The Tatra Project can be contacted through the Executive Director, Fr. David O’Rourke, OP.
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Balys Gajauskas was a Lithuanian activist and patriot, imprisoned by every Soviet leader except Lenin, for his activism. He was early sentenced to twenty five years in prison for resisting the Soviets, and then in 1978 was sentenced to prison again by the Supreme Court for “anti-Soviet activity and propaganda.” He served a term in the new Parliament from 1990-92.
They were a young couple when Juozas was arrested and sent to prison for anti-Soviet resistence, leaving Zofia to survive as best she could with no help. Juozas describes the imprisonment of young by military authorities for their their resistance. Zofija, or Zose, gives us a very concrete picture of the lesser-known but equally painful lot of the women and families left behind, alone, powerless and hungry, to deal with the harsh rule of the Soviet occupiers.
Antanas Kazakavicius was a resister who was distinguished by the length of time he spent literally underground, in the underground bunkers the resistance built as bases for anti-Soviet sabotage and armed sorties. For them the ‘underground’ was not a metaphor. As he describes it is where and how they lived. Fearing capture and torture these resisters could not develop any knowledge of or camaraderie with the men they lived with month after month.
Dr. Vytautas Landsbergis, the head of the reform Sajudas Party and speaker of the newly elected Lithuanian Parliament, led the vote on March 11, 1990 to defy Moscow and withdraw the Lithuanian Soviet Republic from the Soviet Union. They acted knowing that Gorbachev had threatened to send in the tanks – which he did. Lithuania was the first of the Soviet Republics to defy Moscow. Dr. Landsbergis thus became the first Head of State of the newly free Republic of Lithuania.
Felicija Nijolė Sadūnaitė
Nijole Sadunite is a member of a Catholic Religious Order who was active in the anti-Soviet resistance. In 1975 she was arrested, tortured, tried, convicted and imprisoned for her work on Chronicles of the Catholic Church in Lithuania, an underground record of the Soviet’s anti-religious repression. She has detailed the Soviet use of psychiatric hospitals as places of torture and punishment.
As a high school student Julius took part in anti-Soviet underground activities, serving as a courier and typist for the local leadership. Discovered and arrested by the KGB he was interrogated almost daily for many months, then tried and sentenced to years of exile deep into Eastern Russia. He became a Franciscan priest, the head of an issue-oriented radio station, is well known as a university pastor and as a spokesman for human rights issues.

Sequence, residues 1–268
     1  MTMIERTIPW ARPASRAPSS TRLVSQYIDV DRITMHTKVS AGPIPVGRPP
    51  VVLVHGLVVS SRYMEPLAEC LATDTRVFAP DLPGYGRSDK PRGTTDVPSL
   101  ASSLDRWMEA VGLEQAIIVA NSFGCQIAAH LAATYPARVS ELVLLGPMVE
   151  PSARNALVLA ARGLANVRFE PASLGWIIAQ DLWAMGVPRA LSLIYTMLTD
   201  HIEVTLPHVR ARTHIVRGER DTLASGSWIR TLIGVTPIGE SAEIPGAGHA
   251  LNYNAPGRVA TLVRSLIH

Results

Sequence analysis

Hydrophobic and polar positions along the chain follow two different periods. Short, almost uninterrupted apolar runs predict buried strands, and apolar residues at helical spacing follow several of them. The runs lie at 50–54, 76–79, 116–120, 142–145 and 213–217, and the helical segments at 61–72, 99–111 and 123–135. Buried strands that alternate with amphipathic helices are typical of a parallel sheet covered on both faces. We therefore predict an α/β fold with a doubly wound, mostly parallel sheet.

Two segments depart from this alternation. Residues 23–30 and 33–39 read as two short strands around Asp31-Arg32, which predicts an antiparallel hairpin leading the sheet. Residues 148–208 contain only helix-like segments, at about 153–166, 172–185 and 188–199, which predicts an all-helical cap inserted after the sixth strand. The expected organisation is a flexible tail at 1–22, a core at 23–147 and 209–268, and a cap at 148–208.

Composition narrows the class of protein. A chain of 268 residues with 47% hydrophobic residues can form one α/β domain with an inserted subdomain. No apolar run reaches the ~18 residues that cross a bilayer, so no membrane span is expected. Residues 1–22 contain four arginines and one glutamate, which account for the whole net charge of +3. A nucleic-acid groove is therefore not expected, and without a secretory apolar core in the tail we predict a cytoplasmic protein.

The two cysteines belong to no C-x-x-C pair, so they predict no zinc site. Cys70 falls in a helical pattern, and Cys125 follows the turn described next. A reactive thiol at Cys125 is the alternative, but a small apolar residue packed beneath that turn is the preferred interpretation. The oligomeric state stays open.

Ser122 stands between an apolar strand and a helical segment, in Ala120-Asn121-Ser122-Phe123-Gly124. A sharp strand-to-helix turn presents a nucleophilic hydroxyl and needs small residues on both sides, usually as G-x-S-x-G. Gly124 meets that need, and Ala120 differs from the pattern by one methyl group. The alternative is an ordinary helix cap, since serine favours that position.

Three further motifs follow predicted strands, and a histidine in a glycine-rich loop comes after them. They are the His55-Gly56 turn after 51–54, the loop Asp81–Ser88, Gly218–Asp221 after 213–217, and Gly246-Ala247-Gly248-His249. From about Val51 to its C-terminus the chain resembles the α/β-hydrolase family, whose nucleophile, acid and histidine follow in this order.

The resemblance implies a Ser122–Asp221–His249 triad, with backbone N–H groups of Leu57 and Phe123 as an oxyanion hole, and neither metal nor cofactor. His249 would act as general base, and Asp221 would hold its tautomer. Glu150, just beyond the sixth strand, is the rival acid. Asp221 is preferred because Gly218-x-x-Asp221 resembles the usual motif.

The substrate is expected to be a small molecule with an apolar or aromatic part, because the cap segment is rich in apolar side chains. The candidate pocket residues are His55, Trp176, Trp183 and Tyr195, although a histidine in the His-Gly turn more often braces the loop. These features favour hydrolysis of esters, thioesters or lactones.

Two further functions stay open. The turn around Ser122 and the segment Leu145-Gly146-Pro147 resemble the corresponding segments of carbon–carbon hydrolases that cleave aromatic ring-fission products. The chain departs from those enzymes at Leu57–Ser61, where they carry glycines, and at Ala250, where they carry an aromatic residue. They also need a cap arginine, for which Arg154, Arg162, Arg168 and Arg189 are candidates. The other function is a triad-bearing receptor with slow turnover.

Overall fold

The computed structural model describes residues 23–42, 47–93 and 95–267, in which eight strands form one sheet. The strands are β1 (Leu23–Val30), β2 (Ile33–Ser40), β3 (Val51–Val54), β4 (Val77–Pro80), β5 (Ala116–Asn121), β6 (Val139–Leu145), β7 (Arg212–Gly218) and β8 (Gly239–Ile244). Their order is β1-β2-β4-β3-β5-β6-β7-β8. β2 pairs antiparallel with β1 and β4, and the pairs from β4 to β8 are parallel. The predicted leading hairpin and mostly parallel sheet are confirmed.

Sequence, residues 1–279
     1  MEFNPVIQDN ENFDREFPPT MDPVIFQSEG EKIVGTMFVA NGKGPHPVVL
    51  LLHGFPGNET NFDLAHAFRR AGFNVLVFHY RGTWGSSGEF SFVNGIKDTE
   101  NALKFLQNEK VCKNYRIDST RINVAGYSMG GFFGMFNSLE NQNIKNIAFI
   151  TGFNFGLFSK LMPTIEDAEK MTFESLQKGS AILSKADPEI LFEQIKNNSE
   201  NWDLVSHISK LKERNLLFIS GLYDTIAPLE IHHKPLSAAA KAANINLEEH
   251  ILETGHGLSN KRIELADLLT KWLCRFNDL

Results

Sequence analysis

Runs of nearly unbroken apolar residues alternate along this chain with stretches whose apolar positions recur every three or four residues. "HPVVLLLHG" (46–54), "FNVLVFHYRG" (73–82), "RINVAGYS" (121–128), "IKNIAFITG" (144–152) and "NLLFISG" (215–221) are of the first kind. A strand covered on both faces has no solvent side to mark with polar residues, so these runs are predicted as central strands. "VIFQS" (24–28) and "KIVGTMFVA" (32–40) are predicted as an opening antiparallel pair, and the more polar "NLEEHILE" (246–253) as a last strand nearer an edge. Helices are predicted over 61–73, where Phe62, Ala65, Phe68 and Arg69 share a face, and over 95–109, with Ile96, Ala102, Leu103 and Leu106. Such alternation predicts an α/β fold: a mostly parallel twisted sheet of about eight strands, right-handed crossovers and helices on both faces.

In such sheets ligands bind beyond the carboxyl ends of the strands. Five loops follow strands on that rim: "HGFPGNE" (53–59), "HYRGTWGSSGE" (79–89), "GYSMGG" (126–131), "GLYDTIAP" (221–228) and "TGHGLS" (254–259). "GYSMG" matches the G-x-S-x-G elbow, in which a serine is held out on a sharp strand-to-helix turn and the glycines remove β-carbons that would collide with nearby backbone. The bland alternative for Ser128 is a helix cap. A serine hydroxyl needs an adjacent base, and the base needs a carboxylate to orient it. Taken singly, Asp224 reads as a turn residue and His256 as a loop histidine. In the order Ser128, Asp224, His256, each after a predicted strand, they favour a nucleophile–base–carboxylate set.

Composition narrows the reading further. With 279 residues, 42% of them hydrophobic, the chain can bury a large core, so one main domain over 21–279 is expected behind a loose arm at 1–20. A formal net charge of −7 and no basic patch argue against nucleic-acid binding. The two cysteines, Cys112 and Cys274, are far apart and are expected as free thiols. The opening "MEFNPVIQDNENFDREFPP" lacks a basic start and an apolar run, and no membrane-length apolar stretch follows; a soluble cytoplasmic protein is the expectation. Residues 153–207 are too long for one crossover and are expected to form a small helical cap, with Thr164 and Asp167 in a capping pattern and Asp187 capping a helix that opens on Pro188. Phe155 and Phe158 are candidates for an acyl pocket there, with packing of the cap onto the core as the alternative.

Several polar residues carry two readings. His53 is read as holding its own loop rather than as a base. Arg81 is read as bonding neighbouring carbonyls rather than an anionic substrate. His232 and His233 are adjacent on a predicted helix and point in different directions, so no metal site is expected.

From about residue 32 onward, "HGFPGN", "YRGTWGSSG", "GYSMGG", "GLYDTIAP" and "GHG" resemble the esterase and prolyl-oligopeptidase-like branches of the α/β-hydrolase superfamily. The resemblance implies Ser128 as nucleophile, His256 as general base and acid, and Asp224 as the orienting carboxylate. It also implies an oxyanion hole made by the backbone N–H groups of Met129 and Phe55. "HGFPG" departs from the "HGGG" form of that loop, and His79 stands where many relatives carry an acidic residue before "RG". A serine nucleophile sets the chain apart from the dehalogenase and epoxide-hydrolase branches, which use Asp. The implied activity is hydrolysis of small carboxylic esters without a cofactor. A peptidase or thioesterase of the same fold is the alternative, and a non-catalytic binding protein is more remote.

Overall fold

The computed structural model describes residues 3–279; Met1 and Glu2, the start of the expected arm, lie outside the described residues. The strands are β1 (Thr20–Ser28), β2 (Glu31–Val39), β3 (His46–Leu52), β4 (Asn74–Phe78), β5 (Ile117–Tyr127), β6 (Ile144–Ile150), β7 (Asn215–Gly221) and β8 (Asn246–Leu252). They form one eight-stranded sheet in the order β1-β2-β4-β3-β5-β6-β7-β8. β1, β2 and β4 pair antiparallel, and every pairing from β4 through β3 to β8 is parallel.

Irena Saulutė Valaityte Špakauskienė
On the night of June 13, 1941, the Soviet security forces launched a well-planned and surprise deportation of thousands of leadership people – teachers, government workers, police, newspaper and radio personnel, medical personnel, and clergy – in Lithuania, Latvia, and Estonia. The largest number – around 13,000 – were Lithuanians. Irena Valaityte was an eleven-year old school girl with the soldiers broke into the farm house where they were staying, arrested her mother, father, older brother and Irena, and trucked them to the railroad yard in New Vilnia where thousands were already being readied for shipment in cattle cars to sorting camps deep in Russia. Men in one train, women and kids in another. Irena describes the long trip locked into the crowded car, eventual sale to a forest labor contractor, and then, a year later, being sent by train and barge to the coast of the Arctic Ocean to work harvesting fish for the Soviet Army now at war with Germany. She details the life, the winter, the forced labor, and the death of so many – including her mother.
Antanas Terleckas was a public dissident who protested Soviet violations of human rights, was first imprisoned for four years, supported both public and secret human rights movements, and was frequently arrested and jailed for his work. Julius Sasnauakas, listed above, became involved in his own resistance work as a student through the influence of Terleckas.
Vladas Terleckas, the younger brother of Antanas, describes his life as a young student in a small country town when the full extent of the new party control took charge of all aspects of town life. School activities, textbooks, student dress, required membership in Young Pioneers, and the terrible public punishments of opponents of part control. He contrasts their view of the local collaborators as lowlifes with their views of the partizanai resisters as heroes.
Amir Weiner is Associate Professor of History at Stanford University, specializing in the history and workings of the Soviet system. These include the foundational roles of and history of total control by the party, the elimination of private property, and the role of state propaganda to establish public views of reality. And he has written extensively in these areas.